07
Freeman

Dr. Meredith N. Freeman, 88, who served as president of Black Hills State University in the late 60s and the 70s, died Christmas Day at his home in Athens, W. Va., after a long illness.

Freeman served as Black Hills State's president from 1967 to 1976.

According to historical records at the University, the Freeman administration was characterized by contrast. A man of conservative stature, Freeman was confronted with changing social values of the 1960s. The strength of the Freeman presidency lay in his ability to govern and to find new direction in an otherwise adverse situation.  Entering a college with skyrocketing enrollments, he would soon oversee a decline in student number requiring cuts in faculty positions.  

BHSU President Kay Schallenkamp noted that BHSU was fortunate to have had Freeman serve as president for nine years.

“The University community has lost a great leader who made significant contributions to the development of Black Hills State University,” Schallenkamp says.

Freeman, born and educated in Missouri, is remembered as a man who projected a presidential aura and led some major changes that have had long lasting positive influence on the development of the University. During his tenure at BHSU, he established branch campuses on the Pine Ridge and Rosebud Indian reservations; oversaw the opening of the E.Y. Berry Library-Learning Center and a renovation project at Lyle Hare Stadium which included a running track; led a major expansion in the area of business courses; and strengthened the teacher education program.

Paul Higbee, BHSU graduate and noted Black Hills historian, wrote in Black Hills State University – 125 Anniversary, “In an era of more and more casual attire, Dr. Freeman only rarely deviated from coat and tie, most often when teaching a popular taxidermy course.”

Dr. Charles Schad, who then served as director of external affairs at BHSU and worked closely with Freeman, says the former president “had an aura of being an academician and was the epitome of successful community involvement.”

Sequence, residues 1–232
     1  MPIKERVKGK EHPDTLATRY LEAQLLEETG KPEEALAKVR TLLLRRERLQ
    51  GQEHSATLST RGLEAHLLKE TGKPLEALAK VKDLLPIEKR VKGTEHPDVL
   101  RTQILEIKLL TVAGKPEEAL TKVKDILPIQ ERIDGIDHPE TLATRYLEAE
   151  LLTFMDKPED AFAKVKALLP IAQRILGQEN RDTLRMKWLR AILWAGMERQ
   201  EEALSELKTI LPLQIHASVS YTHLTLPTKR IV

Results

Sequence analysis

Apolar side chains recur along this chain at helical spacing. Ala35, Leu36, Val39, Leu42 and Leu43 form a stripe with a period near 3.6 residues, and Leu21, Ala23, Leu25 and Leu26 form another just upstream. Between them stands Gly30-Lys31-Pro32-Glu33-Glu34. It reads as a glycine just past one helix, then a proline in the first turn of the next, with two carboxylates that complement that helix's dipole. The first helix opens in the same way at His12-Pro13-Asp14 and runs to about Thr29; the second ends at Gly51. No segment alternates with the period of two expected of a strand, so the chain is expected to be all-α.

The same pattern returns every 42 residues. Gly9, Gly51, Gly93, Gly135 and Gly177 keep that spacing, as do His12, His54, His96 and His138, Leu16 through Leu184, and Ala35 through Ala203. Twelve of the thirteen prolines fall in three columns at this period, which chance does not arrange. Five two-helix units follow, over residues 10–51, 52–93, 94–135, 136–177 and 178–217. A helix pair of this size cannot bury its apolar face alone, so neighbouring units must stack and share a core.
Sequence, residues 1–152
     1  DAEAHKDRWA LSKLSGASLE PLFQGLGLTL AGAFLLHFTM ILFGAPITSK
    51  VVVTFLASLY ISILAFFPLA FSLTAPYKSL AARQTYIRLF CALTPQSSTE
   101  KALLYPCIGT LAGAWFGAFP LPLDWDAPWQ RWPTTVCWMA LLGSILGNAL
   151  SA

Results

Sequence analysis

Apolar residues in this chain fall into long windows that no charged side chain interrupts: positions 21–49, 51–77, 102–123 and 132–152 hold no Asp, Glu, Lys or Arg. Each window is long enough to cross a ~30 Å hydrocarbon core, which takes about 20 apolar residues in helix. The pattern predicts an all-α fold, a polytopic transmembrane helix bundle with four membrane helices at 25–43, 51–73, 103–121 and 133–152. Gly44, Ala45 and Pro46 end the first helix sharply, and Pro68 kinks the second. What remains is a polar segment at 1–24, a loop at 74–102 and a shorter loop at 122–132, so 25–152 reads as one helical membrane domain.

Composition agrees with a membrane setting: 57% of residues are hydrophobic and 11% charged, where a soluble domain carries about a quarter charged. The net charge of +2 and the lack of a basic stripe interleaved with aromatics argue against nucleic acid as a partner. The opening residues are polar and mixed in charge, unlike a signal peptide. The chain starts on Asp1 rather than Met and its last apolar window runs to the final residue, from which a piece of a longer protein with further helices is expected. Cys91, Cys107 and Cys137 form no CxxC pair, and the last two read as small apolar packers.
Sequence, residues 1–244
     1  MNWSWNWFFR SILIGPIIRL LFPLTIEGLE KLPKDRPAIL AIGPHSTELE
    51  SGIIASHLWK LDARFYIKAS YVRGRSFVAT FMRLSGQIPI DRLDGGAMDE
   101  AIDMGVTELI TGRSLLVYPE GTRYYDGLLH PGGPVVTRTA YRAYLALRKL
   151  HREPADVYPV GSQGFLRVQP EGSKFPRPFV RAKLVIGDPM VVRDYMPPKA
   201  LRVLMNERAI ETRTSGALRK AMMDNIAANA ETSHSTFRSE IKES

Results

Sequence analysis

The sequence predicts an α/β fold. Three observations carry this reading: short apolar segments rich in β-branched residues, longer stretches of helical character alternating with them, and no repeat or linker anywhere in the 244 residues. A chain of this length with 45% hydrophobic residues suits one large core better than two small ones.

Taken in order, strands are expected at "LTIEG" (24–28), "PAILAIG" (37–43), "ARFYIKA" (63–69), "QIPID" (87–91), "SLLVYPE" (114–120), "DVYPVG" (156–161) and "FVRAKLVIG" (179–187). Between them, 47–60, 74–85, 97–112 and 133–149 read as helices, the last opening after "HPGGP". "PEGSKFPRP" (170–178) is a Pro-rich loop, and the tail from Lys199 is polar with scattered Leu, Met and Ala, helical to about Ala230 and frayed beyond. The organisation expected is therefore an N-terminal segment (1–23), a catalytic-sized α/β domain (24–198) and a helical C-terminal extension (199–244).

“He loved his job and contributed significantly to the development of Black Hills State,” Schad says. “He was very considerate, very supportive of staff, and really believed in Black Hills State. He wanted to make a difference, and he did. He worked closely with city leaders and the chamber members and collaborated with people from throughout the community. He knew that as Black Hills State grew so did the community grow. Looking back, I have to tip my hat to Meredith Freeman. He was a great leader and led the school through some difficult times.”

Gene Bauer, who served as director of admissions during Freeman’s term, recalls one specific accomplishment that created additional recognition for the University.

“Interstate 90 had just been completed, and at my suggestion, Med (Meredith Freeman) brought up the idea of placing signs along the interstate noting the university’s location,” Bauer says. “The first interstate sign for a university that went up in South Dakota was the one for Black Hills State.”

Bauer says the idea was expanded to include the other state universities along the interstate as well.

Before coming to BHSU, Freeman was a sergeant during World War II and fought in the Battle of the Bulge. He then spent 50 years in education, beginning in a one-room rural school in Missouri. Over the years, he worked in several schools and universities throughout the Midwest as a teacher, principal, superintendent of schools, a professor, director of special services and an acting academic dean.

After serving at BHSU, Freeman became president of Concord University in Athens, where he later retired.

He is survived by his wife, Joyce, of Athens, four daughters and six grandchildren. (117 W. Bdwy., Athens, W.Va., 24712)